Causal inference from noise

Journal article


Climenhaga, Nevin, DesAutels, Lane and Ramsey, Grant. (2021). Causal inference from noise. Noûs. 55(1), pp. 152-170. https://doi.org/10.1111/nous.12300
AuthorsClimenhaga, Nevin, DesAutels, Lane and Ramsey, Grant
Abstract

Correlation is not causation is one of the mantras of the sciences—a cautionary warning especially to fields like epidemiology and pharmacology where the seduction of compelling correlations naturally leads to causal hypotheses. The standard view from the epistemology of causation is that to tell whether one correlated variable is causing the other, one needs to intervene on the system—the best sort of intervention being a trial that is both randomized and controlled. In this paper, we argue that some purely correlational data contains information that allows us to draw causal inferences: statistical noise. Methods for extracting causal knowledge from noise provide us with an alternative to randomized controlled trials that allows us to reach causal conclusions from purely correlational data.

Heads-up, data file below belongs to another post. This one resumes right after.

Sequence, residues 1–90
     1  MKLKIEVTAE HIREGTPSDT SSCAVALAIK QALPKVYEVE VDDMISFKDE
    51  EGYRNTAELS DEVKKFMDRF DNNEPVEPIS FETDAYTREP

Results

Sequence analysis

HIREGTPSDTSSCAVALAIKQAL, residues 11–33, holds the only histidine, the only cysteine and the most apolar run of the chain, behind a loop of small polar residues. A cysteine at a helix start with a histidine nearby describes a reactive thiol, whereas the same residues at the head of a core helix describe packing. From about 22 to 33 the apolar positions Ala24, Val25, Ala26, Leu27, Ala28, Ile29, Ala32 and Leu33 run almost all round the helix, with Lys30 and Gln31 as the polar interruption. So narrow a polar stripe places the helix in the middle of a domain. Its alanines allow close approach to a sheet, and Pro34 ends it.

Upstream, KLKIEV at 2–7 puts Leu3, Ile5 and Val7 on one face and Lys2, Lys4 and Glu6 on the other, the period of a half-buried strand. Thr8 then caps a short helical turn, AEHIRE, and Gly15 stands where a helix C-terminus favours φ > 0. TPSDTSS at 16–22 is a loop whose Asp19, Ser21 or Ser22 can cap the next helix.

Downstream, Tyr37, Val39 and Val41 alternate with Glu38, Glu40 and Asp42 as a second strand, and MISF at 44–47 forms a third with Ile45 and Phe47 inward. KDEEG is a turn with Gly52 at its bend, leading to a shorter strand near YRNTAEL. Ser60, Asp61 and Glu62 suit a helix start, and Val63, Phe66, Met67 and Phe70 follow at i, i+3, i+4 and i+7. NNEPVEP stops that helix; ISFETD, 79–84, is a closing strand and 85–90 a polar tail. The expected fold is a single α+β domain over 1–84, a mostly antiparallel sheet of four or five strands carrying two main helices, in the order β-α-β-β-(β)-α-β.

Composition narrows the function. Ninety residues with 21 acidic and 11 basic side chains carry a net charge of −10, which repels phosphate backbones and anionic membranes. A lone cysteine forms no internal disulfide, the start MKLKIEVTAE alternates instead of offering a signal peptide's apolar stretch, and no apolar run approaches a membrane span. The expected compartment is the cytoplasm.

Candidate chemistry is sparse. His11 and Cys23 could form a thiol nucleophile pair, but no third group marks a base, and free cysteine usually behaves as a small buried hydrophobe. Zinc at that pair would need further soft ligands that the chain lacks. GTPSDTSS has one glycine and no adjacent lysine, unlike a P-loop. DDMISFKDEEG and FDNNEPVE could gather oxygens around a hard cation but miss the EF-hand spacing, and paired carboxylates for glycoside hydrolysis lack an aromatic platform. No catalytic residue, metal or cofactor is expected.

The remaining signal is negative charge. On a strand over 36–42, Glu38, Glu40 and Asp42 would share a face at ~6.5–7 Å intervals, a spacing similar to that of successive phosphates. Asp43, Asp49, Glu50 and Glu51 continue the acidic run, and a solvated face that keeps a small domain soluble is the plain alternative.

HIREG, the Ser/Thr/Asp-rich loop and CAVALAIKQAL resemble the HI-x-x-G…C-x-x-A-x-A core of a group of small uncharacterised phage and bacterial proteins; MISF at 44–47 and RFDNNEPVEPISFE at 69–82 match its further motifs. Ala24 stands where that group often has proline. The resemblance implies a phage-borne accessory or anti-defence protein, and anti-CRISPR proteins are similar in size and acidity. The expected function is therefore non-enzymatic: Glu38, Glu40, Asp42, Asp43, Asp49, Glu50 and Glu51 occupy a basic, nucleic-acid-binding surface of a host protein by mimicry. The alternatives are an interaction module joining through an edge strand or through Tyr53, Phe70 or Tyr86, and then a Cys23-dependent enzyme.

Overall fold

Year2021
JournalNoûs
Journal citation55 (1), pp. 152-170
PublisherWiley Periodicals
ISSN1468-0068
Digital Object Identifier (DOI)https://doi.org/10.1111/nous.12300
Scopus EID2-s2.0-85068619562
Open accessPublished as green open access
Page range152-170
Author's accepted manuscript
License
All rights reserved
File Access Level
Open
Publisher's version
License
All rights reserved
File Access Level
Controlled
Output statusPublished
Publication dates
Online02 Jul 2019
Publication process dates
Accepted28 Apr 2019
Deposited05 Aug 2021
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